For instance, heat pumps, which are powered by electricity, can reduce carbon emissions by up to 7 metric tonnes each year according to the Energy Saving Trust. The advantages don’t end there, either. They also have a longer lifespan, require less maintenance, and can reduce your annual energy costs by up to 4x compared to a contemporary gas boiler. Yet how do they accomplish this?
Heat pumps use electricity to extract heat from one place and move it somewhere else — for example from the air outside into your home during winter. But this also means they can be used all year round. They’re already widely used in many countries around the world, but they aren’t yet used on a large domestic scale.
There are lots of energy possibilities with heat pumps. For instance, they can be powered by electricity, combined with solar panels, boilers or other renewable technology to possibly produce both heat and power at once (known as hybrid heat pumps).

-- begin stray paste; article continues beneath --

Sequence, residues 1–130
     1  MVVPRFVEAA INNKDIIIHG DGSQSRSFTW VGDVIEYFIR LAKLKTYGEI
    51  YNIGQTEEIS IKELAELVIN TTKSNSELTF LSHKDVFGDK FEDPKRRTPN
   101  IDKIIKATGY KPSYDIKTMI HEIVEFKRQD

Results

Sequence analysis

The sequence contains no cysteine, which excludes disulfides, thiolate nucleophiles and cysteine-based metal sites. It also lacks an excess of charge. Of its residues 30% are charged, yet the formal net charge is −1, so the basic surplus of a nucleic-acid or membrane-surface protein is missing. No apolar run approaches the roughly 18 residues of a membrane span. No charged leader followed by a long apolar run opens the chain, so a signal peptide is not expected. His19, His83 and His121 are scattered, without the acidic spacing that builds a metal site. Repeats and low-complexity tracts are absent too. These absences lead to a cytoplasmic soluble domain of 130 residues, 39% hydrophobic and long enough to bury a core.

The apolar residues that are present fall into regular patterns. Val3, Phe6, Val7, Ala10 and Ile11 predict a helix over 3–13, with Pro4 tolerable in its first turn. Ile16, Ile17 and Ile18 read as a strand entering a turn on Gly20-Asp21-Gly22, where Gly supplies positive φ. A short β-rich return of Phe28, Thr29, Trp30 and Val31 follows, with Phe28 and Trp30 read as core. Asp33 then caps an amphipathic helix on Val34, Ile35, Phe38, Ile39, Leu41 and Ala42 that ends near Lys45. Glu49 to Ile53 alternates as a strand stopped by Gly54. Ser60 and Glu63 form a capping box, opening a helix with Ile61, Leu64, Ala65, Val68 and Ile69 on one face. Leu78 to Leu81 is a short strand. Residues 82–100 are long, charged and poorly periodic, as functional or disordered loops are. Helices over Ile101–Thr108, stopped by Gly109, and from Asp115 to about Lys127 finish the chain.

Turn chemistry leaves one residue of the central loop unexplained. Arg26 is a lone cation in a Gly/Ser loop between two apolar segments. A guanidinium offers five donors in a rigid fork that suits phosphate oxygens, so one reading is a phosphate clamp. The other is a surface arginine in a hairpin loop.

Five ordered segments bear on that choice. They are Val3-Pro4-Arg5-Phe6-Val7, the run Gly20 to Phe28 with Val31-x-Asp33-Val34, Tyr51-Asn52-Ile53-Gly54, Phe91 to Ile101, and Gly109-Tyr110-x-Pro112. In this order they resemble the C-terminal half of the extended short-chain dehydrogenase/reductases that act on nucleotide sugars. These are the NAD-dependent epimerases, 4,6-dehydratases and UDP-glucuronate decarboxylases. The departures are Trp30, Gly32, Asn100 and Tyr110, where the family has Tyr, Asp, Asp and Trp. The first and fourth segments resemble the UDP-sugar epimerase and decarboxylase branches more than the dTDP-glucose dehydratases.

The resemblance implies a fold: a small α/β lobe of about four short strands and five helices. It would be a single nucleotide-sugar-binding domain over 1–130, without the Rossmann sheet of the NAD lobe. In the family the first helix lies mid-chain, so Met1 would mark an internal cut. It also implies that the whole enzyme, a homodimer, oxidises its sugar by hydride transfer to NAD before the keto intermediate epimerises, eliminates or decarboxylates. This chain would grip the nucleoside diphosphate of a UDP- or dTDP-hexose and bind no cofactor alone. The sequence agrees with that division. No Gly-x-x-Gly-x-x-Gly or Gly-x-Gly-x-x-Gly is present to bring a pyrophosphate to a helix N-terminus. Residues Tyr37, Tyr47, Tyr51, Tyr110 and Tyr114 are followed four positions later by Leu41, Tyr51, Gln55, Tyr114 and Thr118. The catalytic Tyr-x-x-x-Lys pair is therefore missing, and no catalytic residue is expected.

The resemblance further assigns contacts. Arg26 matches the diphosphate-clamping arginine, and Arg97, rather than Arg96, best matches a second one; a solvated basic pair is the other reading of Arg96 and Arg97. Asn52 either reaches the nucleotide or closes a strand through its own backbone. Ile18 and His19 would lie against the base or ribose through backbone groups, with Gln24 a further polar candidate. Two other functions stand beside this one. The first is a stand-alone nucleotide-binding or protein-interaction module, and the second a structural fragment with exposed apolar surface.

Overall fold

But the key solution that heat pumps hold lies in their energy efficiency. The efficiency can range anywhere from 300% to 500%. You realize just how high this is when you compare it to the popular gas boiler’s efficiency of 92%. In the simplest terms, this means that for every unit of energy you use on a heat pump, you get 3 to 5 times that amount in return.
Why don’t all households have heat pumps?
To get straight to the point, the answer is heat pumps can be expensive for many households. A 2022 study by Nesta, a UK innovation agency, found that 25% of UK homeowners are willing to pay the full cost of heat pumps.